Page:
US military grounded majority of its F-35 fighter jet fleet over faulty ejector seat
Officials in the US military knew about the faulty ejector seat mechanism in F-35 jets in back in April but did not take action until recently, reported the Air Force Times on Friday.
Earlier on Friday, the Air Force announced they were grounding its fleet of F-35 jets to check for a faulty component that could prevent pilots from safely ejecting.
It was later reported that the Marine Corps and Navy had also issued a temporary grounding order until tests could be carried out on the seats.
According to Breaking Defense, who first reported on the issue, the Navy have completed their inspections and grounding order has been rescinded. The Marine Corps is said to be 90 percent done with their inspections.
A spokesman for the seat’s manufacturer Martin-Baker, Steve Roberts, told the website: ‘During a routine maintenance inspection at Hill [Air Force Base, Utah,] in April ‘22, an anomaly was discovered with one of the seat cartridge actuated devices in the F-35 seat. ‘
He continued: ‘This was quickly traced back to a gap in the manufacturing process, which was addressed and changed.’
Roberts went on to emphasize that the problem with the F-35 is an ‘anomaly’ and that the problem has not been reported in other aircraft.
The active duty 388th and Reserve 419th Fighter Wings conducted an F-35A Combat Power Exercise at Hill Air Force Base, Utah
An F-35A Lightning II assigned to the 419th Fighter Wing, Hill Air Force Base, Utah takes off from the Air Dominance Center during Sentry Savannah on May 11, 2022.
The same day that the grounding occurred, Bloomberg reported on another issue facing F-35s. A shortage of functioning engines.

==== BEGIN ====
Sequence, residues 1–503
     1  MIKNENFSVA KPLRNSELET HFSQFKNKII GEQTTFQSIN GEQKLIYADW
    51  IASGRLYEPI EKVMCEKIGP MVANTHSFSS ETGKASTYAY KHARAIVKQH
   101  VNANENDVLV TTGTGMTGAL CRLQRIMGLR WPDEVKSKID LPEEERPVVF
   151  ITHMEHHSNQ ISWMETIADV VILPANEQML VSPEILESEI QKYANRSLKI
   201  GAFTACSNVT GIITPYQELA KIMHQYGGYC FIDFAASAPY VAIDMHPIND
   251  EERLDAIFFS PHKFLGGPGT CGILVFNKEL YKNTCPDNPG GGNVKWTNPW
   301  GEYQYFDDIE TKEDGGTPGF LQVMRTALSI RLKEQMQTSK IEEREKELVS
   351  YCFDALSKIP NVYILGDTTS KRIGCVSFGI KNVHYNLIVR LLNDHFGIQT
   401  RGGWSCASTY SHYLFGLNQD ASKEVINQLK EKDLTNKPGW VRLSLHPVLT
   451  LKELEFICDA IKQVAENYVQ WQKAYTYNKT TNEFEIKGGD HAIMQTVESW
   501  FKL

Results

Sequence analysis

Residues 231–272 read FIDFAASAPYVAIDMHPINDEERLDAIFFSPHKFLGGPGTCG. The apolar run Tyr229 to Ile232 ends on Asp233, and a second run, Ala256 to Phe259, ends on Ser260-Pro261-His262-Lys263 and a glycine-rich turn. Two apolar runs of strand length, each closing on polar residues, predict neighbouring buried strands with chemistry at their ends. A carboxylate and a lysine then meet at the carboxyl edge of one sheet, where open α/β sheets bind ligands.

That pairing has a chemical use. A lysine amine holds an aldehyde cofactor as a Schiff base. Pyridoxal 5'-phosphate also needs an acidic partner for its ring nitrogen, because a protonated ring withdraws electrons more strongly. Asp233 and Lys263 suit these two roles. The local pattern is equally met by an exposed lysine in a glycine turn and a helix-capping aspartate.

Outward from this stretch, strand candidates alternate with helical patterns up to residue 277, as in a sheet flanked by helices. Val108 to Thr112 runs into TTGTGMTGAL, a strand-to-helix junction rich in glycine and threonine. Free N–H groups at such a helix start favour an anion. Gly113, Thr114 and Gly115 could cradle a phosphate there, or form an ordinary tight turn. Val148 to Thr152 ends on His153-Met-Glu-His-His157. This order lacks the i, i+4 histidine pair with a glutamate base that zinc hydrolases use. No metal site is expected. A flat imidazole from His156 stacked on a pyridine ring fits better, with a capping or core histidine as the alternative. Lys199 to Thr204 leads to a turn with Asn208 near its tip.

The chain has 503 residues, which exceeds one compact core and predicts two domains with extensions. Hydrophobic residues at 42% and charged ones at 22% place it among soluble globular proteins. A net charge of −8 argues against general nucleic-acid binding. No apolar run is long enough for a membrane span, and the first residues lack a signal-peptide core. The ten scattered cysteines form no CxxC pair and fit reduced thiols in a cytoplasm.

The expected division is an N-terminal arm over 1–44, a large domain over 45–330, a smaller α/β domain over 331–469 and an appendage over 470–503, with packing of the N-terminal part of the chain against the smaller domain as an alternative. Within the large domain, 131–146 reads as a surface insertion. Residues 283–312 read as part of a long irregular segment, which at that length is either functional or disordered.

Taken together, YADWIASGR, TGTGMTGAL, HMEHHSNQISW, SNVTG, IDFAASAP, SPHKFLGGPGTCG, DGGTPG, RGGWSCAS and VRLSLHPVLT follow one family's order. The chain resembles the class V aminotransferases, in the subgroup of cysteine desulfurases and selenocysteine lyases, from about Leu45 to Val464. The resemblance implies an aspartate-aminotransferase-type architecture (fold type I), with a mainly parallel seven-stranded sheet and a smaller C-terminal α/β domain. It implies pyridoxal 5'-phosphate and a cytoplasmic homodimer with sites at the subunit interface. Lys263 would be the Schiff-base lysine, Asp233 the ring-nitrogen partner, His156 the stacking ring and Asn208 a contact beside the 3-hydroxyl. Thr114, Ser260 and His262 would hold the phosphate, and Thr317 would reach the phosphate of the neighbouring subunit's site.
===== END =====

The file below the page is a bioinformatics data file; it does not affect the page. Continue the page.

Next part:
The Government Accountability Office said in a statement that the issue was created due to improper maintenance.
There has been no reports of groundings in other countries that use the F-35 jets. The plane is flown by air forces in NATO countries such as the United Kingdom, Australia, Canada and Italy.
The US Department of Defense currently operates about 450 F-35 aircraft, which cost about $78 million apiece for the latest model.
Roughly 300 are the F-35A model operated by the Air Force while the others are variants operated by the Navy and Marines.
Between now and 2044, the US committed to buying nearly 2,500 more planes from the manufacturer Lockheed-Martin.
A spokesperson for the Air Force confirmed Friday’s temporary stand-down order in a statement to DailyMail.com, saying the aircraft are currently being inspected ‘to mitigate safety concerns.’
‘There is a concern with a component used in the pilot ejection system of several aircraft operated by the US Air Force,’ the spokesperson said.
At issue are the explosive cartridges inside F-35 ejection seats that blow the pilot clear of the aircraft in an emergency. The Air Force has roughly 300 F-35s, which cost around $78 million apiece for the latest model.
British ejection seat manufacturer Martin-Baker has identified certain production lots of the explosive cartridges in its seats as defective and needing replacement, the Air Force said.
The ejection system component in question is also used T-38 Talons and T-6 Texan IIs, and the Air Force has also taken some of those aircraft out of service for inspection.
The Air Force has grounded its entire fleet of F-35 Joint Strike Fighters due to a faulty ejector seat component. Pictured: An F-35B Lightning II attached to Marine Operational Test and Evaluation Squadron (VMX) 1 idles on the flight deck of amphibious assault ship USS Tripoli